Seafood Council forced to defend fish safety

Grilled fish with vegetables and sauce, on the grill

Is it safe to eat fish? The Norwegian Seafood Council says “yes”, despite suggestions that seafood may contain environmental toxins.

The Council was responding to recent newspaper reports that the Norwegian health interest group Miljøgifter og folkehelse (“Environmental toxins and public health”) has warned that there are potentially harmful chemicals in oily fish such as salmon and mackerel.

There are environmental toxins in all food, but the group, which includes doctors and scientists, believes that fish is the worst.

Their advice is that children in particular should not eat a lot of oily fish. This goes against a number of official recommendation to eat 300-450 grams of fish a week, of which 200 grams should be fatty fish.

The Seafood Council has responded by pointing out that in 2022, the Science Committee for Food and Environment (VKM)in Norway published a study, Fish in the Norwegian diet – benefit and risk assessment, which weighed up the health pros and cons of seafood.

The study concluded: The health benefits of increasing your intake of fish and eating two to three meals a week outweigh the risk of negative health effects from ingesting environmental toxins from fish. It applies to all age groups.”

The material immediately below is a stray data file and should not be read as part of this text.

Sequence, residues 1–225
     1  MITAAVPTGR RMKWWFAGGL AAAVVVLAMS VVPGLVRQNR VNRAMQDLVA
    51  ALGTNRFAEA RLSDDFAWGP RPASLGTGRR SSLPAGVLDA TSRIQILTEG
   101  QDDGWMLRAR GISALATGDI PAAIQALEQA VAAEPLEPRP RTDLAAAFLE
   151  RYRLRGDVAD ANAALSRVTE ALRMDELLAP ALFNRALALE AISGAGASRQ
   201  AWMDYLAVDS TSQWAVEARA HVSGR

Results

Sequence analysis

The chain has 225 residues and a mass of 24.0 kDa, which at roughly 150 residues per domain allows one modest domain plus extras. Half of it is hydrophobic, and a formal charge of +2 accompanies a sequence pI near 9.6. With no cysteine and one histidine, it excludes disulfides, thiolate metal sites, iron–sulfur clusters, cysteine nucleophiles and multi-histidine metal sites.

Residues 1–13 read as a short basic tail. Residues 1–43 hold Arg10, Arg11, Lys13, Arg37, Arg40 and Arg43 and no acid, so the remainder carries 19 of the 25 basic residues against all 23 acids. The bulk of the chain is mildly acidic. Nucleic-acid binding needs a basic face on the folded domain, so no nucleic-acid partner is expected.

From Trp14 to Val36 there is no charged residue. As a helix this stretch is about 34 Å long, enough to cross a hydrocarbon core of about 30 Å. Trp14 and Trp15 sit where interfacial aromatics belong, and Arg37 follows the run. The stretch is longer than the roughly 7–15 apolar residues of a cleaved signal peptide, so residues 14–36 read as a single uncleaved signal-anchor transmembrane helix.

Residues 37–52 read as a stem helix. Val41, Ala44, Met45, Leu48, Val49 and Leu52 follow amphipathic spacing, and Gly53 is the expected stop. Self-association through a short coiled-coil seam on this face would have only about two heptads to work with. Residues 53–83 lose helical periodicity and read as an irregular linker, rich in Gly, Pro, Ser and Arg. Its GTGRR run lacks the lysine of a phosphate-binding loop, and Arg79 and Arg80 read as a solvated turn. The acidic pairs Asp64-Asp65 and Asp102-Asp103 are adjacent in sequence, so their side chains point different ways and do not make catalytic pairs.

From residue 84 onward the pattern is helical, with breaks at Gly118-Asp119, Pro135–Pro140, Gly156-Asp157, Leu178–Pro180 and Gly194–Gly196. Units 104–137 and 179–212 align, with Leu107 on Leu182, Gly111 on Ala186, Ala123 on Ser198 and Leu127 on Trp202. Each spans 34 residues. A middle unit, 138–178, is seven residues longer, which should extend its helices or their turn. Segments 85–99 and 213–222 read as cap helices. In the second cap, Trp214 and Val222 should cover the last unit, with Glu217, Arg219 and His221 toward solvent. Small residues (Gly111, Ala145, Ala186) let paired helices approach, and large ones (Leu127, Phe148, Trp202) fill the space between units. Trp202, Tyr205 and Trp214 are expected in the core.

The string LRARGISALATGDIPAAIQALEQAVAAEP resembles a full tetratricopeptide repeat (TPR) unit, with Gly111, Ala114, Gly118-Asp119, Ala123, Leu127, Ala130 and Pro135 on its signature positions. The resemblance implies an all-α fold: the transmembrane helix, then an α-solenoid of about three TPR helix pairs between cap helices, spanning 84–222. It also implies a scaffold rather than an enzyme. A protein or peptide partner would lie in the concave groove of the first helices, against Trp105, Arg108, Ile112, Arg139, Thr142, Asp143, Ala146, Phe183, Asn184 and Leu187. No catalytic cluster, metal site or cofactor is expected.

The reason for this recommendation is that fish contains important nutrients. It is an important source of, among other things, omega-3 fatty acids, iodine, vitamin D and vitamin B12.

However seafood consumption in Norway, especially among youngsters, has been on a downward trend for several years.

The Norwegian Directorate of Health does not recommend eating unlimited amounts of fish but says many people can benefit from increasing their intake at the expense of meat products.

The Directorate says most of the population eat far below the recommended amount of fish, turning to the likes of meat and cheese instead.


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